On the outbreak of the first war of independence, d'Azeglio donned the papal uniform and took part under General Durando in the defence of Vicenza, where he was severely wounded. He retired to Florence to recover, but as he opposed the democrats who ruled in Tuscany, he was expelled from that country for the second time. He was now a famous man, and early in 1849 Charles Albert, king of Sardinia, invited him to form a cabinet. But realizing how impossible it was to renew the campaign, and "not having the heart to sign, in such wretched internal and external conditions, a treaty of peace with Austria" (Correspondance politique, by E. Rendu), he refused. After the defeat of Novara (23rd of March 1849), Charles Albert abdicated and was succeeded by Victor Emmanuel II. D'Azeglio was again called on to form a cabinet, and this time, although the situation was even more difficult, he accepted, concluded a treaty of peace, dissolved the Chamber, and summoned a new one to ratify it. The treaty was accepted, and d'Azeglio continued in office for the next three years. While all the rest of Italy was a prey to despotism, in Piedmont the king maintained the constitution intact in the face of the general wave of reaction.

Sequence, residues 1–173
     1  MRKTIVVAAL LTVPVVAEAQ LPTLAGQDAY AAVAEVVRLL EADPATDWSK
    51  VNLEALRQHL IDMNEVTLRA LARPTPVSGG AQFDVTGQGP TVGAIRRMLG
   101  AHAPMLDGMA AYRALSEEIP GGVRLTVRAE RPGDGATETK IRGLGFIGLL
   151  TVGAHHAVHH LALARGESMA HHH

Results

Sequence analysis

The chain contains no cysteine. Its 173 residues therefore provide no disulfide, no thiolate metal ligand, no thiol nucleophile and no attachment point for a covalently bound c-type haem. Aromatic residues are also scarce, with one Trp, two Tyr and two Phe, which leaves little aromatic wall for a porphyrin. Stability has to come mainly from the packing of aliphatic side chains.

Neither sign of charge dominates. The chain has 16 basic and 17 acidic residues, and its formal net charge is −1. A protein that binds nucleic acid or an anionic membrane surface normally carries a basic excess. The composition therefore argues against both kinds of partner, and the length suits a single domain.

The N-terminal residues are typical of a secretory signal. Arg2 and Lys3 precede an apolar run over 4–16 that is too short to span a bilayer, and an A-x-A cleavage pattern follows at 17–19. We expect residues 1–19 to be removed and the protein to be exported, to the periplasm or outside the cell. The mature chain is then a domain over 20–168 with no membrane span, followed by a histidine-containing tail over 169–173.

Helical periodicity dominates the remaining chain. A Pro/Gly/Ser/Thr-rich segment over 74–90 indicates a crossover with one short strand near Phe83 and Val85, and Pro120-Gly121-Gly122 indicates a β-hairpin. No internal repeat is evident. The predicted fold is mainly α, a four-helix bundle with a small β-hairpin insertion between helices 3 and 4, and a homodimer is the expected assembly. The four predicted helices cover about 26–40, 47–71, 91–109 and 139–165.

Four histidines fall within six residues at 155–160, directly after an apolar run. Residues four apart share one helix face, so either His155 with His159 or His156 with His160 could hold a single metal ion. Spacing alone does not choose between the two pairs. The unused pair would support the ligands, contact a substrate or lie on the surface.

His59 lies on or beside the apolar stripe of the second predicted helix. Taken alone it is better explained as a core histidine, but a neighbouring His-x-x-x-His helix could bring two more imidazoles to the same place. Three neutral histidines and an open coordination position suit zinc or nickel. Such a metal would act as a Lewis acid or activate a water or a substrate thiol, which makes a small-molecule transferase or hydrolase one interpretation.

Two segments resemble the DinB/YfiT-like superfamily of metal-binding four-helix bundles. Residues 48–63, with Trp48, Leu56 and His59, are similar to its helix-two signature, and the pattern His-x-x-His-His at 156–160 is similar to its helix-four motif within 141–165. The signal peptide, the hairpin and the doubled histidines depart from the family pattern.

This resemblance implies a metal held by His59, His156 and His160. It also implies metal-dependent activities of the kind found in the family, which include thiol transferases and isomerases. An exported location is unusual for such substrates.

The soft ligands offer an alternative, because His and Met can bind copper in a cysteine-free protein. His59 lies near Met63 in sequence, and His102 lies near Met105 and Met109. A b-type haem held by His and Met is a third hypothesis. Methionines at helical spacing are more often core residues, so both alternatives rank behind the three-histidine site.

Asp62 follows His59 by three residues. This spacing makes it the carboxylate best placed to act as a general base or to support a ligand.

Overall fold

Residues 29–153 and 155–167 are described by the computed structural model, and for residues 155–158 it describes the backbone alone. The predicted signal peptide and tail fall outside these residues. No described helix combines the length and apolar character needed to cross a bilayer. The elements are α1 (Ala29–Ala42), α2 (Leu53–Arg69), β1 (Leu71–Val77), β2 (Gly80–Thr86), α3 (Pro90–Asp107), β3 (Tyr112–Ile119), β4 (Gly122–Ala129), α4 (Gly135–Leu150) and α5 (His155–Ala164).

D'Azeglio conducted the affairs of the country with tact and ability, improving its diplomatic relations, and opposing the claims of the Roman Curia. He invited Count Cavour, then a rising young politician, to enter the ministry in 1850. Cavour and Farini, also a member of the cabinet, made certain declarations in the Chamber (May 1852) which led the ministry in the direction of an alliance with Rattazzi and the Left. Of this d'Azeglio disapproved, and therefore resigned office, but on the king's request he formed a new ministry, excluding both Cavour and Farini. In October, however, owing to ill-health and dissatisfaction with some of his colleagues, as well as for other reasons not quite clear, he resigned once more and retired into private life, suggesting Cavour to the king as his successor.